Reciprocal Lending Relationships Between Financial Conglomerates: Evidence from the Mexican Repo Market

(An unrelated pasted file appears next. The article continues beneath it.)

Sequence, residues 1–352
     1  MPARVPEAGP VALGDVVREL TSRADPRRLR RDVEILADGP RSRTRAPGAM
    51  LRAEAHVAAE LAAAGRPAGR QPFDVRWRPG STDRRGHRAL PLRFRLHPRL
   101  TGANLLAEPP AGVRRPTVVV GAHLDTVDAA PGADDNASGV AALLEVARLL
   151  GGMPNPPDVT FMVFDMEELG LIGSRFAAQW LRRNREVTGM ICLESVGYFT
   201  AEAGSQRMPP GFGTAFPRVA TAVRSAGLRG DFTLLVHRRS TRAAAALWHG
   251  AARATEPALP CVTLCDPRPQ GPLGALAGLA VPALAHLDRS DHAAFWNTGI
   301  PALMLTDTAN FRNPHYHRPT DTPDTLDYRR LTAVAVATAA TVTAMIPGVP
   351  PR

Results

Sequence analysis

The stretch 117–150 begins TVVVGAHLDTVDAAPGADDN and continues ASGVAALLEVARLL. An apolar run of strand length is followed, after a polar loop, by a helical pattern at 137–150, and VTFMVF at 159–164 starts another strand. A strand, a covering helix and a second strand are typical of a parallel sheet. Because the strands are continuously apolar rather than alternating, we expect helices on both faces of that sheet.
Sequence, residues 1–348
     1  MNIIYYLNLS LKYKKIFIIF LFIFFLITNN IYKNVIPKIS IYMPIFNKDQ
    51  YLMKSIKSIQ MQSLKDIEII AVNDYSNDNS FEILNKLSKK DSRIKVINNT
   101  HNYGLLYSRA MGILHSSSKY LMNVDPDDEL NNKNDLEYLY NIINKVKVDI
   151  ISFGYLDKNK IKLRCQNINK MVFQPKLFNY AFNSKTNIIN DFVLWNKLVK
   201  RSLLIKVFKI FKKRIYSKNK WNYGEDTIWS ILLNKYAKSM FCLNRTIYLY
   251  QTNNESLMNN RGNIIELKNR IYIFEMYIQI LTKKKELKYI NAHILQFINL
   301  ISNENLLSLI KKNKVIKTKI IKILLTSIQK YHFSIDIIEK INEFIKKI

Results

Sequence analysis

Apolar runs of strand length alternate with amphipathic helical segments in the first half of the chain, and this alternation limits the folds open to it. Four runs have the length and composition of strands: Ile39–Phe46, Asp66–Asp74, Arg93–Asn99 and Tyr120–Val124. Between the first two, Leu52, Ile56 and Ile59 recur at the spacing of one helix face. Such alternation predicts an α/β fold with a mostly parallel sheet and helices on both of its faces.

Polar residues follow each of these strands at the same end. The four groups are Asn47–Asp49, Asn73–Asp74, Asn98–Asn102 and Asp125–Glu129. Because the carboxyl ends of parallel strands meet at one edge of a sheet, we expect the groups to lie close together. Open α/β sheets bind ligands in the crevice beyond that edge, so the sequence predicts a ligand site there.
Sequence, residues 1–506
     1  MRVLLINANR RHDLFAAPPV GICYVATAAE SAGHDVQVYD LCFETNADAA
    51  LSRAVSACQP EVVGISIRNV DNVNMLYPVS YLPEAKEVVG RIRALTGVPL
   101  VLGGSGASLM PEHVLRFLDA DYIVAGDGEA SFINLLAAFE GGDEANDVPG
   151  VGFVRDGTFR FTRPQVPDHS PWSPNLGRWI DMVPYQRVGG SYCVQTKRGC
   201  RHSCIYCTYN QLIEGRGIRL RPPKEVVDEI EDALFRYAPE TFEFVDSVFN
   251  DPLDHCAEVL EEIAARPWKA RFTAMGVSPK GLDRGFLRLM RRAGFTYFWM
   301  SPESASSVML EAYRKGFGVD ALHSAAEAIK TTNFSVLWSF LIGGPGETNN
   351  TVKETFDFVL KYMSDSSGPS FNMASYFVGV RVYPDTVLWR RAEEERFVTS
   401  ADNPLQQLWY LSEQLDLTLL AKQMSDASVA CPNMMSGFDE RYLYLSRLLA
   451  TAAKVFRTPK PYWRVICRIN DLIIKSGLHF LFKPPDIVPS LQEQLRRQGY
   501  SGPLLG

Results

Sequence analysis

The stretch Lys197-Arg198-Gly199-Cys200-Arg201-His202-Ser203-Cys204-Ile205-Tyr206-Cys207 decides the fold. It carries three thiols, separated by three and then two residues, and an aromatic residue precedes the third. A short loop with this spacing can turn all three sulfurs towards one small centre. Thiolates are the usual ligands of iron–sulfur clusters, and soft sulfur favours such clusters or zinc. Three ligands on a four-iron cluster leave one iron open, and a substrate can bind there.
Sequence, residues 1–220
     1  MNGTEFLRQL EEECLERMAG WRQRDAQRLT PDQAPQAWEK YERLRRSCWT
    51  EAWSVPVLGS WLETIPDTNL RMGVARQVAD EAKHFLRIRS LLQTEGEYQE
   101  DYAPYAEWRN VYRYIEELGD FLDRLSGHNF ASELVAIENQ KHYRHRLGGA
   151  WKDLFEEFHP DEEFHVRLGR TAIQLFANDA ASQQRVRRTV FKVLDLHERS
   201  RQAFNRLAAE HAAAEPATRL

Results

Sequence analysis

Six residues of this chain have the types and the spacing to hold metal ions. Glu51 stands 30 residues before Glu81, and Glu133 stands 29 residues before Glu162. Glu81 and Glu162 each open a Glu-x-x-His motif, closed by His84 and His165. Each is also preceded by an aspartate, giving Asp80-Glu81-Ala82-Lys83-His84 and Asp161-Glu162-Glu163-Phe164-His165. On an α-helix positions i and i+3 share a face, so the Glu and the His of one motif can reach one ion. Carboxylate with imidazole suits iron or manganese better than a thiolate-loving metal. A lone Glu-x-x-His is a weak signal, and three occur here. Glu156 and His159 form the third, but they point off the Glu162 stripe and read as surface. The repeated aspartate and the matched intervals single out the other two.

This paper examines the reciprocal lending between Financial Conglomerates in the repo market to better understand both what motivates powerful firms to engage in this type of contemporaneous crossfunding relationships, and, on the other hand, some of the implications that such reciprocal transactions may entail for the agents involved and for the market as a whole. In particular, in terms of the implications we focus on two dimensions: first, the potential effects that reciprocal lending has on the market power of FCs and the competitiveness of the repo market for mutual funds and second, the potential implications that frequent and stable reciprocal lending can have in terms of the industry’s systemic risk. Using transaction-level data from the Mexican repo market, we show that reciprocal lending between financial conglomerates is mutually beneficial as it reduces search costs for borrowers and mitigates credit risk concerns for lenders. Further, we find that reciprocal lending favors market concentration of the repo lending in a few powerful funds and increases fund market power. Finally, we find that reciprocal lending also leads to centrality within the financial network and increases the dependence between the parties involved. Interestingly, a higher intensity of reciprocal lending can harmful, but this does not necessarily deteriorates financial stability.